SEOUL, July 29 (Xinhua) -- South Korea's presidential Blue House said Saturday that the country would consult with the United States on the revision of the bilateral missile guideline to increase the payload of the indigenous ballistic missiles.
President Moon Jae-in ordered his top security advisor Chung Eui-yong to consult with the U.S. side on the launch of negotiations about the amendment of the South Korea-U.S. missile guideline, senior presidential press secretary Yoon Young-chan told a press briefing.
It followed the DPRK's announcement of its second test-firing of an intercontinental ballistic missile (ICBM), which flew about 1,000 km and was lofted as high as over 3,700 km.
Chung held a telephone conversation with his U.S. counterpart H.R. McMaster at about 3 a.m. local time Saturday (1800 GMT on Friday) to propose the revised missile guideline.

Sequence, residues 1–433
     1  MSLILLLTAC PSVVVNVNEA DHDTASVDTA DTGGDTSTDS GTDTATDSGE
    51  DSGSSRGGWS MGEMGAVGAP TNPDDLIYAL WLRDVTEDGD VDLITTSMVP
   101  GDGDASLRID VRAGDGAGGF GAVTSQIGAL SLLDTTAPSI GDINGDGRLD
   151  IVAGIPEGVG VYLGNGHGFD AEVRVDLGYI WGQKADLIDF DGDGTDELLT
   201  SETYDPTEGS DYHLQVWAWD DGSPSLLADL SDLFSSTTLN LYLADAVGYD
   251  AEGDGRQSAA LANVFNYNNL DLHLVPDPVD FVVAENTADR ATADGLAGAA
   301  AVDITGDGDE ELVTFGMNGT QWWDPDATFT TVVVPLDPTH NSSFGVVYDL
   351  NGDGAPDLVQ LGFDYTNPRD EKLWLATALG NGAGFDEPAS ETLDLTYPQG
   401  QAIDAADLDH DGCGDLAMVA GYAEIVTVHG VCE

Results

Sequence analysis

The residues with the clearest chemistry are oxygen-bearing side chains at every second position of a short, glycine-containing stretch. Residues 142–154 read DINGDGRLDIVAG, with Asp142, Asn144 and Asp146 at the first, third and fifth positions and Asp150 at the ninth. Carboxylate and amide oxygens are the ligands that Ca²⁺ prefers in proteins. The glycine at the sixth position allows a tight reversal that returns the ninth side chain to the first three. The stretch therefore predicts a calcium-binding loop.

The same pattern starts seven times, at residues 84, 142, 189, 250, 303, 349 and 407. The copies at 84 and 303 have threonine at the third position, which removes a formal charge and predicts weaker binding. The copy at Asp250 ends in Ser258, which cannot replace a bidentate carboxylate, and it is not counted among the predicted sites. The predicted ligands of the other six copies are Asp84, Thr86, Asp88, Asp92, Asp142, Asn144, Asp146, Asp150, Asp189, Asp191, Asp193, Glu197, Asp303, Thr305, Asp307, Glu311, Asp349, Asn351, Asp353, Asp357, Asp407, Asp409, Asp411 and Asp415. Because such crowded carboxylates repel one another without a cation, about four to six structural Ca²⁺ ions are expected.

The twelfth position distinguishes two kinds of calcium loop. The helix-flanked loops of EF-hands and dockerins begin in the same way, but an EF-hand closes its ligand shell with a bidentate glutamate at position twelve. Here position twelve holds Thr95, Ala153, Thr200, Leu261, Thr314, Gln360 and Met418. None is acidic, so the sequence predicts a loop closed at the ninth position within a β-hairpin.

McMaster sent the U.S. agreement on the negotiation at around 10:30 a.m. local time, according to the Blue House of South Korea.
Moon's press secretary said the negotiation would focus on an increased payload, rather than an extended range, adding that the two countries would launch the negotiation as early as possible.
The bilateral missile guideline was first adopted in 1979 to set ceilings on the range of South Korea's homegrown ballistic missiles at 180 km and the payload at 500 kg in return for the U.S. transfer of missile technology to South Korea.
Under the revised guidelines, the maximum range and payload were extended in 2001 to 300 km and 500 kg, and in 2012 to 800 km and 500 kg respectively.
Local media speculations said South Korea would demand the maximum payload of its ballistic missiles be extended to 1 ton.